For instance, we took a boat trip up the Rhine on a perfect day. I shot the castles and other landmarks as we passed. Now, I COULD have made every shot with a medium format camera, or for that matter my 4x5 Linhof in handheld configuration with a 270mm lens. However, the day's outing was part of a family reunion; messing about with fussy time eating gear would have been inappropriate. Not to mention that I'd have needed at least 25 4x5 filmholders...

TimK, take your time. As you gain experience you will learn which camera siuts the work you wish to do at that time. They all have their uses.

Gene McCluney
4-Aug-2008, 14:01
My suggestion is to get an off-road worthy vehicle such as a Jeep product, or Land Rover or similar 4-wheel drive vehicle with good ground clearance, then drive close to where you think you might want to shoot, and work out of the back of the vehicle. This works very well for me, but I don't have any problem finding the subject material I like, and my only worry is "will I have enough film with me"? Last outing, I shot 70 sheets of 5x7. I don't pack everything away between shots either, I put stuff in the back of my Land Rover Discovery under a cloth, and I leave the tripod legs extended, also, and I have a quick release for my 5x7 to go onto the tripod fairly quickly.

Jim Graves
4-Aug-2008, 14:09
Over the last 3 years I've migrated to a 4x5 and a 6cmx9cm combination that works well for the various ways I shoot.

If I'm just walking around, traveling light, or just don't want to fool with the 4x5, I carry a Super Ikonta folder. Upsides are portability, speed and volume and you still get very nice sized, sharp negatives that will enlarge very well up to 16x20. I get 8 shots per roll of 120 film ... 12 if I use the 6x6 insert. I've found that I often will find something of interest, shoot it in 6x9 and then go back on another date with my 4x5.

My entire 4x5 backpacking kit weighs slightly less than 9 lbs. It is a Gowland Pocket View, 90mm Angulon , 203mm Kodak Ektar, Feisol CT3441 tripod with CB-30 ball head, Loupe, Cable Release, Kodak Readyload holder, and a 20 pack of Fuji QuickLoads. I use my jacket as my dark cloth. The Gowland is a little fidgety, no 0 detents, etc. but once you learn to use it, it becomes second nature ... and it has all movements.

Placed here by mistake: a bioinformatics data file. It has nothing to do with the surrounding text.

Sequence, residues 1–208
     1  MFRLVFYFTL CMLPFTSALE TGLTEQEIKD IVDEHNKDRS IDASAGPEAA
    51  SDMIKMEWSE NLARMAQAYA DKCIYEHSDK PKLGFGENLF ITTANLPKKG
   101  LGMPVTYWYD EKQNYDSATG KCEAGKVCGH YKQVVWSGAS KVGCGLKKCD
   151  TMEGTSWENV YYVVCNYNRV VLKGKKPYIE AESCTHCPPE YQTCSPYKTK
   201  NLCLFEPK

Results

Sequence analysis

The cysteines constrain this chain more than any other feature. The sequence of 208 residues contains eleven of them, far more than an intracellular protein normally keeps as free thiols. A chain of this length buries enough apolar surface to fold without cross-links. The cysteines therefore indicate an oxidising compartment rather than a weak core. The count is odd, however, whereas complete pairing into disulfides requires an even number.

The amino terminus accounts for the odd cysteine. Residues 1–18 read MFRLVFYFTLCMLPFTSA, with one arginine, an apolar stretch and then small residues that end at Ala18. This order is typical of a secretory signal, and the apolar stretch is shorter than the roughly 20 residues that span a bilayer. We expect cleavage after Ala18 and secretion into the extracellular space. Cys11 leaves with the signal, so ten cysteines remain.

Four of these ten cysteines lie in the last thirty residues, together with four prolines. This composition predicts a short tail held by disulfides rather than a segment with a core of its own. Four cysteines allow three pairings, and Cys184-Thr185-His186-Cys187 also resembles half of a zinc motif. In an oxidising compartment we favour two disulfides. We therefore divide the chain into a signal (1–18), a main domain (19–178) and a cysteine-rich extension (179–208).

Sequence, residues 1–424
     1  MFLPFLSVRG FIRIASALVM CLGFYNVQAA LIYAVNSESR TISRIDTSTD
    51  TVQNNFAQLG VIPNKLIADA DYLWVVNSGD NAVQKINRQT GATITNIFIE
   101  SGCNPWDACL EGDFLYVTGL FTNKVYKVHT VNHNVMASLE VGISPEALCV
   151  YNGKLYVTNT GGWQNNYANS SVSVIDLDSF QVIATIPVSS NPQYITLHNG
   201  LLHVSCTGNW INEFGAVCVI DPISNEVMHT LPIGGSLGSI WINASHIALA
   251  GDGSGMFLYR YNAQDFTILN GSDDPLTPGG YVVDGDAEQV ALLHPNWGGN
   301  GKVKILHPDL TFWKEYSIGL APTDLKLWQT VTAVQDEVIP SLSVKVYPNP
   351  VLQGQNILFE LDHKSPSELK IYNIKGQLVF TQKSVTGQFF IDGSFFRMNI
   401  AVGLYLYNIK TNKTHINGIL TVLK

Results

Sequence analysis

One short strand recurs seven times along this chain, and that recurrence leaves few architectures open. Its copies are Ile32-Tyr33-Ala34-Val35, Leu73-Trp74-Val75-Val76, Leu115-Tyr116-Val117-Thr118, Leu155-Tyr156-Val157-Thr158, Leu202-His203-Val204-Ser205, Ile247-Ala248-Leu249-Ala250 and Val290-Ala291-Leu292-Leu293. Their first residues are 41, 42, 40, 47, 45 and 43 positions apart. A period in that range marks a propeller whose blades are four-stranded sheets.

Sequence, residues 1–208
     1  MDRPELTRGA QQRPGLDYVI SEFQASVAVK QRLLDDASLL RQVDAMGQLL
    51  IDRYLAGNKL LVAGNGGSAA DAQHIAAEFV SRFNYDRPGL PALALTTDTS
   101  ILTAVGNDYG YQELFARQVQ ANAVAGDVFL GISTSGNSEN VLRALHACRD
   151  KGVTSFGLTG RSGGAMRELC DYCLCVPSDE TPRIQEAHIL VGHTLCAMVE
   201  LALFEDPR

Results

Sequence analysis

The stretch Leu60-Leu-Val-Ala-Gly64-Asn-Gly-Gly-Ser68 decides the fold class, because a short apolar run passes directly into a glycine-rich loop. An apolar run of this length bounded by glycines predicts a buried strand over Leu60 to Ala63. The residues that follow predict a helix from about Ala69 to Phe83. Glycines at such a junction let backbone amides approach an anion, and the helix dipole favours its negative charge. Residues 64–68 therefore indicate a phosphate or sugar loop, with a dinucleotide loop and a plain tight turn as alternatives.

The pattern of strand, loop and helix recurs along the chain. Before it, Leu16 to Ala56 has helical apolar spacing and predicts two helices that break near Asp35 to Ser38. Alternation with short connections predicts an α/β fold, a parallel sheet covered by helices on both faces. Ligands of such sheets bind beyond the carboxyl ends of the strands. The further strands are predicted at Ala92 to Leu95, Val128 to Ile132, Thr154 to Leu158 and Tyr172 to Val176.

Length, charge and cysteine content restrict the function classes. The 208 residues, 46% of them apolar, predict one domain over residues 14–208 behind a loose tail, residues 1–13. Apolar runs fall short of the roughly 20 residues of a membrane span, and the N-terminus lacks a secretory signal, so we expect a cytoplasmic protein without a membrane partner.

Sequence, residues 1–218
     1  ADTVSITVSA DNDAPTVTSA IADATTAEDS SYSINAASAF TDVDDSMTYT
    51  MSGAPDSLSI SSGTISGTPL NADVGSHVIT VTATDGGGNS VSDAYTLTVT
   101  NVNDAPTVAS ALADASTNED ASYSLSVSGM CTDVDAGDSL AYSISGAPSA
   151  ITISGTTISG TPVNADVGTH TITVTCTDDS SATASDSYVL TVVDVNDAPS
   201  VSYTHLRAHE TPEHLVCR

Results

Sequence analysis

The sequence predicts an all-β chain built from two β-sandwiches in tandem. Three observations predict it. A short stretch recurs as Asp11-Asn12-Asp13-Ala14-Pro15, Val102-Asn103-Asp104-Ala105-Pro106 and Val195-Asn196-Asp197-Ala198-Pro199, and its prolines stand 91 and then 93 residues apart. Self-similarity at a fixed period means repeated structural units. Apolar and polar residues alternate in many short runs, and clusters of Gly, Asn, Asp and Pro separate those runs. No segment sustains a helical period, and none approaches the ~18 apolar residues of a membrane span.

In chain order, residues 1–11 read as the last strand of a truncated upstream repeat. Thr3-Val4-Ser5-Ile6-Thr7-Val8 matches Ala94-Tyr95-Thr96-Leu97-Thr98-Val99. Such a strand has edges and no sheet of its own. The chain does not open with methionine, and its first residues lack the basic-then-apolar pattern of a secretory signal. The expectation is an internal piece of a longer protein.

If I'm going out and about by myself in the car ... I set up the 4x5 on the Feisol tripod so it's ready to go and I use my bigger, newer lenses. But I also take the Super Ikonta 6x9. Then, I'm pretty much ready for anything.

Since I hit on this combination, I take far more (and better) pictures simply because of the improved portability of the 4x5 and the 6x9 option and because I now actually enjoy myself more. But, as the earlier posters said ... you need to figure out what works best for the way you shoot. Good luck ... don't give up on 4x5, (you live in Arizona for God's sake!) ... and find a way you can really enjoy being out there shooting.

Tom Perkins
4-Aug-2008, 14:13
Something light that folds up is a pretty good idea if you're going to stick it out with large format, but the advice you have been given regarding style is sound. Large format has the potential to improve one's 35mm and digital photography tremendously, and the smaller formats are in many ways more challenging. But you have to have interest to make something, so if you don't you can bag it with a clear conscience.

Dave Hally
4-Aug-2008, 14:59
I have gradually worked toward a lighter rig, and I'm ready for the next step. The main thing is to be familiar with your gear, so you can set up quickly, and get the shot. The second thing is to be there (actually that's the first thing). I you feel that you're not getting the shots that you want, what did you want? Softer light? Sunset? Dawn? I wanted a certain shot of Mt Whitney through an arch, I had to camp there to get it, as I wouldn't have got up early enough to get it otherwise. Do what you have to to be there when you want.
A lighter rig will help get out there, familiarity with your equiptment will get the shot (at least more often), and familiarity with the location will help get the shot you want.
When I first started with 4x5, I used a Nagaoka field camera and a Tiltal tripod and 1 lens. I could fit everything but the tripod in the tank bag on my motorcycle. Now I tend to work out of my van, with the camera on the tripod, and the lenses and film packets in a satchel at my side. I can carry about 10 sheets of film and 3 lenses, as long as I don't go more than a mile from the van. I did do the Methuselah loop in may and was wanting a lighter rig and backpack by the second mile marker!
Stick with it, try to keep it simple.
Good Luck
Dave Hally

Bruce Watson
4-Aug-2008, 15:16
I'm halfway through the trip, and every time we go somewhere I tend to grab a little camera, and those seem to be the best of my images. I have, on several occasions went out taking only the 4x5, and while the time seems more relaxing (enjoyable) but I never seem to be at the right place at the right time with the big rig.

I can't believe I'm going to say this. But... you have to make a commitment. The little cameras will always be "easier" because that's the primary design function of most smaller format cameras. LF can give you a higher quality image because that's it's primary design function.